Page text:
Three Imaginary Girls

Seattle's Indie-Pop Press – Music Reviews, Film Reviews, and Big Fun

I feel very very torn about Girl Talk. I've listened to "Pure Magic" from Bone Hard Zaggin' about a billion times and I still can't decide what I actually think about the song as a piece of art. I'm of two minds about it: (1) It's a good song — albeit a mashup or (2) It's a mashup — albeit of lots of good songs. The former is a testament to the skills of Girl Talk as a DJ and postmodern artist. The latter speaks to the quality of the songs that build the piece rather than the masher himself.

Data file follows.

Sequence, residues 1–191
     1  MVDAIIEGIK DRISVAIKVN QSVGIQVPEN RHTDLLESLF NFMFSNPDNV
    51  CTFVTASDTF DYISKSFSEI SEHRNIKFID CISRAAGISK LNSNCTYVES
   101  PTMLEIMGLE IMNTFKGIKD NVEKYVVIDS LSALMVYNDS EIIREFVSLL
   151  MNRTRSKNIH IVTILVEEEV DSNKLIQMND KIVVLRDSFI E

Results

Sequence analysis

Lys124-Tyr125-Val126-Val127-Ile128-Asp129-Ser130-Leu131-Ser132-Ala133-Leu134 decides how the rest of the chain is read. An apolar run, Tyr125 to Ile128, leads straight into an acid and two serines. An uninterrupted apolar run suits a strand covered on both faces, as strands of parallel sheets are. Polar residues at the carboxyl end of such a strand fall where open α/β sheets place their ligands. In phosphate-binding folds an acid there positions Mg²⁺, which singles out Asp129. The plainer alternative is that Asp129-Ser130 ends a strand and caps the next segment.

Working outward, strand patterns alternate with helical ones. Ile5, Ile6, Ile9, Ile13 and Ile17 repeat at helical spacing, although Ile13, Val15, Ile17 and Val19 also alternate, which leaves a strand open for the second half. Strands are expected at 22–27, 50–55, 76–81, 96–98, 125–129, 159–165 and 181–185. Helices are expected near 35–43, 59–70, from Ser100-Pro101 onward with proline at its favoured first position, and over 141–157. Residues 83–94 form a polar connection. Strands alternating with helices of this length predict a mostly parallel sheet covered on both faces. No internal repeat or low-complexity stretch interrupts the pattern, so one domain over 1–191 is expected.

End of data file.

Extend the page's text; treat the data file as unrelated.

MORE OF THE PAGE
I appreciate a good DJ as much as the next person, but I just can't get a handle on whether I listen to the song every time it comes up because I like hearing it or I just really like trying to identify all the snippets of songs contained therein, like a bit of audio MTV-style fast edits for my attention-span deficient brain. I mean, what exactly sets Girl Talk apart from the likes of Jive Bunny & the Mastermixers, Stars on 45, or heck, even a good polka mega mix by Weird Al. That is where my moral dilemma begins: in this postmodern world we live in (well, I suppose we're probably not in a postmodern world anymore, more like post-postmodern, how about neomodern?) songs like "Pure Magic" do what all good artist should: take existing material, filter it through their experience, and create an entirely new piece of art from the detritus of the past. Or maybe, this pastische is just a glorified three-and-a-half version of an Audio Bonus. I have no idea, but I'll probably still listen to it over and over until I figure this one out.